I Guess the Answer is “No.”

Ladies and gentlemen, the King…

Big man, little womanExactly one week ago, I ran a photo of the current LeBron James/Gisele Bündchen VOGUE cover, right, and noted, upon seeing it, “my first raw thought was that James looked bestial. They look like King Kong and Fay Wray.” (This, in the context of my reporting on a recent study that found many Americans subconsciously associate Black people with apes.)

I then asked, “Is it just me? Am I just imagining this?”

Apparently not. According to this Associated Press piece (thanks, Ray Winbush) titled, “Vogue cover starring LeBron James is called racially insensitive by some”:

the image is stirring up controversy, with some commentators decrying the photo as perpetuating racial stereotypes. James strikes what some see as a gorilla-like pose, baring his teeth, with one hand dribbling a ball and the other around Bundchen’s tiny waist.

It’s an image some have likened to “King Kong” and Fay Wray.

“It conjures up this idea of a dangerous black man,” said Tamara Walker, 29, of Philadelphia.

The piece also quotes James, himself, who reportedly told The Cleveland Plain Dealer that

he was pleased with the cover, saying he was “just showing a little emotion.”

“Everything my name is on is going to be criticized in a good way or bad way,” James told the paper. “Who cares what anyone says?”

Magilla and OgeeRight. In other words, LeBron, this is about you.

Even more damaging was the critique of legendary media analyst Samir “Mr. Magazine” Husni, who said he

believes the photo was deliberately provocative, adding that it “screams King Kong.” Considering Vogue’s influential history, he said, covers are not something that the magazine does in a rush.

“So when you have a cover that reminds people of King Kong and brings those stereotypes to the front, Black man wanting white woman, it’s not innocent,” he said.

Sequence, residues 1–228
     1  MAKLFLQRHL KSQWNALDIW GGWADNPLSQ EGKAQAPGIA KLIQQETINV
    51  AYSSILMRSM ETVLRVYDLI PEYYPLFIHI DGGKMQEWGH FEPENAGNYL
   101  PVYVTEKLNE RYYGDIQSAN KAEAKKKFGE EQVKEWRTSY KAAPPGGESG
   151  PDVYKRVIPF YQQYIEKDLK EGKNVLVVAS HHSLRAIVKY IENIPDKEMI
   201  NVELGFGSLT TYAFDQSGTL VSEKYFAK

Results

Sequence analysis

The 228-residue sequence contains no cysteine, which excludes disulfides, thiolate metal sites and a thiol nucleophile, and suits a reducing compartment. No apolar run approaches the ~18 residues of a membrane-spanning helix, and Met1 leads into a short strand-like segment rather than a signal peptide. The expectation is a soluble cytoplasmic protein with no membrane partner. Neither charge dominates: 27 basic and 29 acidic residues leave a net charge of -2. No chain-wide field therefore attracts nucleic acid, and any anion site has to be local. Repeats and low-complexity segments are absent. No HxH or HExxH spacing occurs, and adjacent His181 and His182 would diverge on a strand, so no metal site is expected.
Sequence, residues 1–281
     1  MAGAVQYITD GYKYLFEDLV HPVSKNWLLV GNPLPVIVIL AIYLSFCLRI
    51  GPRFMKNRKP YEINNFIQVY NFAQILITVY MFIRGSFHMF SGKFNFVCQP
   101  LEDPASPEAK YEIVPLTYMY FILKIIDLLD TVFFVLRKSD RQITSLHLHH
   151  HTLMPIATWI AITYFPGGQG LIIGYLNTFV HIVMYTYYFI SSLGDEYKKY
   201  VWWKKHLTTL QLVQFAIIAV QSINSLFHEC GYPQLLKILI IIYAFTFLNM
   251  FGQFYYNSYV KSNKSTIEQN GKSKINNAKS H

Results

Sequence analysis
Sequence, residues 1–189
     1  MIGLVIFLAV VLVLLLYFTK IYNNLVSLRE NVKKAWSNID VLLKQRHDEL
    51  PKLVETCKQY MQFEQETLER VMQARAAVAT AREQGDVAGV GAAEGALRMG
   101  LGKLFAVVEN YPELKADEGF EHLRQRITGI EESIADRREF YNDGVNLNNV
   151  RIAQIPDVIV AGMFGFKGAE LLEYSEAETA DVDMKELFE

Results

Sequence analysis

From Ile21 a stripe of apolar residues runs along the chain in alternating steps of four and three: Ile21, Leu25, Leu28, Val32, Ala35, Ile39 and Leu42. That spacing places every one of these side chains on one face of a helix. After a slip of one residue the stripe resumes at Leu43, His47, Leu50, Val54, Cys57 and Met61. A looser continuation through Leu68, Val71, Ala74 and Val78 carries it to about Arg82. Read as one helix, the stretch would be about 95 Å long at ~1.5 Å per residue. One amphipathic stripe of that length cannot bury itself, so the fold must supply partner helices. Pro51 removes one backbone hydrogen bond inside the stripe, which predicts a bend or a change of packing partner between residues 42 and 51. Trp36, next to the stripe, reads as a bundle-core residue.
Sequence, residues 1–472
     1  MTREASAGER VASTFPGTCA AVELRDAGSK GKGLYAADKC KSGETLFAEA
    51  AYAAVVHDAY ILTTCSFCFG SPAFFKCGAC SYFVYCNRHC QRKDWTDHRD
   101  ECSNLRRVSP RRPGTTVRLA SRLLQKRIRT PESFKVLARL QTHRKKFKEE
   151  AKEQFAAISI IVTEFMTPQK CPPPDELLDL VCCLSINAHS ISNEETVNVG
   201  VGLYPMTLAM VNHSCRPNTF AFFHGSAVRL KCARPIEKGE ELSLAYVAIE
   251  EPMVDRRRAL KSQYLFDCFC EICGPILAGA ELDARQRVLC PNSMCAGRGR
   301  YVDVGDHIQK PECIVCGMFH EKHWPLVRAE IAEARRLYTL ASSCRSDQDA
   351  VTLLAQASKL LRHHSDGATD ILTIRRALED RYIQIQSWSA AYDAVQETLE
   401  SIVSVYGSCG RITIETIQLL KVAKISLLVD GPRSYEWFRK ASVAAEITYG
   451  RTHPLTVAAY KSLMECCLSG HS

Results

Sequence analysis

In an excellent piece for ESPN.com, columnist Jemele Hill, also quoted in the AP article, thinks

Now, maybe the point was to show the contrast between brawn and beauty, masculinity versus femininity, strength versus grace. But Vogue’s quest to highlight the differences between superstar athletes and supermodels only successfully reinforces the animalistic stereotypes frequently associated with Black athletes.

A Black athlete being reduced to a savage is, sadly, nothing new. But this cover gave you the double-bonus of having LeBron and Gisele strike poses that others in the blogosphere have noted draw a striking resemblance to the racially charged image of King Kong enveloping his very fair-skinned lady love interest.

LeBron is just the third male ever to appear on Vogue’s cover, but it’s hard to believe Vogue would have made Brett Favre, Steve Nash or even David Beckham strike his best beast pose. And even if Vogue had, it wouldn’t carry the same racial undertones as having a fear-inducing Black man paired with a dainty damsel.

I couldn’t have said it better myself.



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